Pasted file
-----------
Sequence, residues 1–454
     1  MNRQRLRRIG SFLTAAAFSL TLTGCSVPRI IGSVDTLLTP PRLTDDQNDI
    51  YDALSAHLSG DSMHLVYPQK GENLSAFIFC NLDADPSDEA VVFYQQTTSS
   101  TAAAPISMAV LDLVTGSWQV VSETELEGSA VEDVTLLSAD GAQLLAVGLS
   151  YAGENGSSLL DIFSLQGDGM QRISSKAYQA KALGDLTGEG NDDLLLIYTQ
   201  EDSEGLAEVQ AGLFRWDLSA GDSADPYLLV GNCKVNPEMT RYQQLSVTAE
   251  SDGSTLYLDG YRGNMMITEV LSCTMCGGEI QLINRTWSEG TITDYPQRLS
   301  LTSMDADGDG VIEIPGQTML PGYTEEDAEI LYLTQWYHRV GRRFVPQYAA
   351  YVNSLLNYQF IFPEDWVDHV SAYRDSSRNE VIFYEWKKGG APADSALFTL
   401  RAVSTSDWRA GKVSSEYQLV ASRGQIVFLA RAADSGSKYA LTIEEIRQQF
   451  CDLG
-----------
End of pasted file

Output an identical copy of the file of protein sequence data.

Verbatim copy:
Sequence, residues 1–454
     1  MNRQRLRRIG SFLTAAAFSL TLTGCSVPRI IGSVDTLLTP PRLTDDQNDI
    51  YDALSAHLSG DSMHLVYPQK GENLSAFIFC NLDADPSDEA VVFYQQTTSS
   101  TAAAPISMAV LDLVTGSWQV VSETELEGSA VEDVTLLSAD GAQLLAVGLS
   151  YAGENGSSLL DIFSLQGDGM QRISSKAYQA KALGDLTGEG NDDLLLIYTQ
   201  EDSEGLAEVQ AGLFRWDLSA GDSADPYLLV GNCKVNPEMT RYQQLSVTAE
   251  SDGSTLYLDG YRGNMMITEV LSCTMCGGEI QLINRTWSEG TITDYPQRLS
   301  LTSMDADGDG VIEIPGQTML PGYTEEDAEI LYLTQWYHRV GRRFVPQYAA
   351  YVNSLLNYQF IFPEDWVDHV SAYRDSSRNE VIFYEWKKGG APADSALFTL
   401  RAVSTSDWRA GKVSSEYQLV ASRGQIVFLA RAADSGSKYA LTIEEIRQQF
   451  CDLG